The facility has now been officially renamed Camp Hurriya (Arabic for "freedom") and the first MEK members can now go there, Fried said. The United Nations announced on Jan. 31 that the facilities at Camp Liberty now meet international humanitarian standards and are ready to receive Camp Ashraf's residents.

"In any move of this kind and in the early days, once people are settling into Hurriya, problems may arise, of course," he said. "Patience, goodwill, and willingness to resolve logistical issues in a practical way will be critical."

But no members of the MEK have yet made the move, despite the extensive efforts of the United States and the United Nations to get their new home ready and to convince the Iraqi government to support the move.

"The residents of Camp Ashraf must make the decision to start this relocation process. Camp Ashraf is no longer a viable home for them. They have no secure future there," said Fried.

The Marxist-Islamist group, which was formed in 1965, was used by deposed Iraqi autocrat Saddam Hussein to attack the Iranian government during the Iran-Iraq war in the 1980s, and has been implicated in the deaths of U.S. military personnel and civilians.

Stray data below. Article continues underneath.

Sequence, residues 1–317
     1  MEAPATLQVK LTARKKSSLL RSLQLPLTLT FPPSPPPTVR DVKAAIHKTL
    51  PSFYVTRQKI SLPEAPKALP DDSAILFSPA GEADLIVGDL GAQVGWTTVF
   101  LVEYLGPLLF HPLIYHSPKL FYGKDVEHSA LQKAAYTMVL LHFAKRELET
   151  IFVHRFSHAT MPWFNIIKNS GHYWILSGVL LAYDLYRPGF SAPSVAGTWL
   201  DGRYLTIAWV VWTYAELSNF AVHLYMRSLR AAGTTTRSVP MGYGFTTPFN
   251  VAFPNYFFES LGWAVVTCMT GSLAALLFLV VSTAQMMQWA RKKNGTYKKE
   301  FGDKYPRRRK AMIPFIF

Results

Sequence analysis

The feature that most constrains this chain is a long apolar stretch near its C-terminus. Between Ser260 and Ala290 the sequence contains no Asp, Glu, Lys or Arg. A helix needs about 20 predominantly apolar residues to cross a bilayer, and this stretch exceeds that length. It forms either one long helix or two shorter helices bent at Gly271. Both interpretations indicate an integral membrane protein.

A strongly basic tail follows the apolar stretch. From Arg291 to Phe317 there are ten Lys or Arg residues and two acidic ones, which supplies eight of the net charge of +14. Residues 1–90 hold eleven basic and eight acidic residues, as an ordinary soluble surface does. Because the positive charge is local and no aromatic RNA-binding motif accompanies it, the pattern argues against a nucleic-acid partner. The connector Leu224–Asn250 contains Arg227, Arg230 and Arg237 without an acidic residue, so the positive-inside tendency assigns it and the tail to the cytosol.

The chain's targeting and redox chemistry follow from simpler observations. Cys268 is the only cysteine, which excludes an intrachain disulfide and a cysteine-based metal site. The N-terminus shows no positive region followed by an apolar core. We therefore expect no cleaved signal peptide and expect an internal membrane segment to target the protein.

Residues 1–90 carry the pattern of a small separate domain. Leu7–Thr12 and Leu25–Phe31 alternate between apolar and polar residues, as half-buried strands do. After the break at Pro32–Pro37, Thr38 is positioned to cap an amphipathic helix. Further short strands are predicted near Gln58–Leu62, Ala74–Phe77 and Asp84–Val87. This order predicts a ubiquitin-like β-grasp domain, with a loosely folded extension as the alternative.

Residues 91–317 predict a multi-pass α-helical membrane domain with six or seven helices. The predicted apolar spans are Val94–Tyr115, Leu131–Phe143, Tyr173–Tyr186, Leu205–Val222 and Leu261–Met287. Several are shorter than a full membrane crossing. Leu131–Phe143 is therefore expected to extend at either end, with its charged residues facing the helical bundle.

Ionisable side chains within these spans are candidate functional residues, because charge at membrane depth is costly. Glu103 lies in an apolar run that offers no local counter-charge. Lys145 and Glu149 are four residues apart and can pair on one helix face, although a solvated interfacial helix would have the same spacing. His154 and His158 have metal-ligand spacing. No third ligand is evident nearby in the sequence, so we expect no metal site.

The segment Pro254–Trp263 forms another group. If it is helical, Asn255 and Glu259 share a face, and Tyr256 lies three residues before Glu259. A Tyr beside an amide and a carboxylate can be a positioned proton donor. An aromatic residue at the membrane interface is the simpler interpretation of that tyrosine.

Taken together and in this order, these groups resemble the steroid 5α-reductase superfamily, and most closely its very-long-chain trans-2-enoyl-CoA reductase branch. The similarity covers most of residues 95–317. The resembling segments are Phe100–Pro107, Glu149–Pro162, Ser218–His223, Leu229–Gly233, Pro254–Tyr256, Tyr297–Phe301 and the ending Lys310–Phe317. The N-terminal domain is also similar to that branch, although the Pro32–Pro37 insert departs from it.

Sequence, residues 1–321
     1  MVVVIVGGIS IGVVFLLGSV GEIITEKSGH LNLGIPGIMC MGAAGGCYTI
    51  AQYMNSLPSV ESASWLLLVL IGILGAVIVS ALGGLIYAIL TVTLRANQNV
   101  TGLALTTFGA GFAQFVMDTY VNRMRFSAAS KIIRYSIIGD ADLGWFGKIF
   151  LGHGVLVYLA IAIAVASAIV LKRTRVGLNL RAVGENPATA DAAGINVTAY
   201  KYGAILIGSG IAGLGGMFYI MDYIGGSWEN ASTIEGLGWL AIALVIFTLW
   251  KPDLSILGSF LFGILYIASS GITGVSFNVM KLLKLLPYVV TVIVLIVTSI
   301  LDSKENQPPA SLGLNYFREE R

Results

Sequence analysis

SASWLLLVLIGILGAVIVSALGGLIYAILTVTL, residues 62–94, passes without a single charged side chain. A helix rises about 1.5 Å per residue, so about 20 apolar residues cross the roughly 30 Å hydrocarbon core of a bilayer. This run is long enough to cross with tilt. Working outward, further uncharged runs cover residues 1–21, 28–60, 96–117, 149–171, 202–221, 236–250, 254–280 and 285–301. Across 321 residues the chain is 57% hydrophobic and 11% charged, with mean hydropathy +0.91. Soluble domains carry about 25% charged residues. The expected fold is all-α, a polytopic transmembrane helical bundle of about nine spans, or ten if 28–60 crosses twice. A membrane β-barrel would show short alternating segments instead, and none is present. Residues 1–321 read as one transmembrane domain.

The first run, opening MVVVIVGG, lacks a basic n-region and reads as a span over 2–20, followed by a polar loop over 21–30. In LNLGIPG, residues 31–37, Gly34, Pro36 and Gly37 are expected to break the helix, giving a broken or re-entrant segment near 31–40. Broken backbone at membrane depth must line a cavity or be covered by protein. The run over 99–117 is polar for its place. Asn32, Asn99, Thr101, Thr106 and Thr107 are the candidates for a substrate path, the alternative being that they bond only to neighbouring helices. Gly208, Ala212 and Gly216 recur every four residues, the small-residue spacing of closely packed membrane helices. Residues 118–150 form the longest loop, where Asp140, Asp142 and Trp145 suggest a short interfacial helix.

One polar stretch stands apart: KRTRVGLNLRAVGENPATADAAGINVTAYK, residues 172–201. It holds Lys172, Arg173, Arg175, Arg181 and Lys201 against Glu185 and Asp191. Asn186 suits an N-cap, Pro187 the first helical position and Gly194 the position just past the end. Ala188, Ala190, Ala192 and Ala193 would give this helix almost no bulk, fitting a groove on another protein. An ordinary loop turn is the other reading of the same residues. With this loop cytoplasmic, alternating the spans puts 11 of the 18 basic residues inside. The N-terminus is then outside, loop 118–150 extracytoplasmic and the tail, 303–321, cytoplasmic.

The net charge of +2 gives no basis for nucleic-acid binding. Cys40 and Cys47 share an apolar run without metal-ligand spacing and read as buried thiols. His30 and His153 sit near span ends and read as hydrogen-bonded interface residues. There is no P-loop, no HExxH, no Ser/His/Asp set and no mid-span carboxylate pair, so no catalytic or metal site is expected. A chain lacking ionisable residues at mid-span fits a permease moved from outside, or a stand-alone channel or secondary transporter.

The new Iraqi government has been trying to evict them from Camp Ashraf since the United States toppled Saddam in 2003. The U.S. military guarded the outside of the camp until handing over external security to the Iraqis in 2009. The Iraqi Army has since tried twice to enter Camp Ashraf, resulting in bloody clashes with the MEK.

Camp Hurriya is only meant to be a temporary home for the MEK. From there, its members could elect to go back to Iran -- where they risk persecution -- or move on to a third country, if they have residency there. The United States will help certain MEK members apply for refugee status on a case by case basis.

Fried urged the MEK to make the decision to move to Camp Hurriya, and he asked the group's many supporters in Washington to convey that message directly to the MEK.

The MEK's list of advocates, most who have admitted being paid, includes Congressman John Lewis (D-GA), former Pennsylvania Gov. Ed Rendell, former FBI Director Louis Freeh, former Sen. Robert Torricelli, Rep. Patrick Kennedy, former CIA Deputy Director of Clandestine Operations John Sano, former National Security Advisor James Jones, former Vermont Gov. Howard Dean, former New York Mayor Rudolph Giuliani, former Joint Chiefs Chairman Gen. Richard Myers, former White House Chief of Staff Andy Card, Gen. Wesley Clark, former Rep. Lee Hamilton, former CIA Director Porter Goss, senior advisor to the Romney campaign Mitchell Reiss, Gen. Anthony Zinni, former Pennsylvania Gov. Tom Ridge, former Sen. Evan Bayh, and many others.

"All those who wish the residents of Ashraf a peaceful future outside of Iraq can help by encouraging the MEK to make the decision it needs to make," Fried said. "The responsibility for the next decision rests with the MEK... A peaceful solution is at hand, but they've got to take it."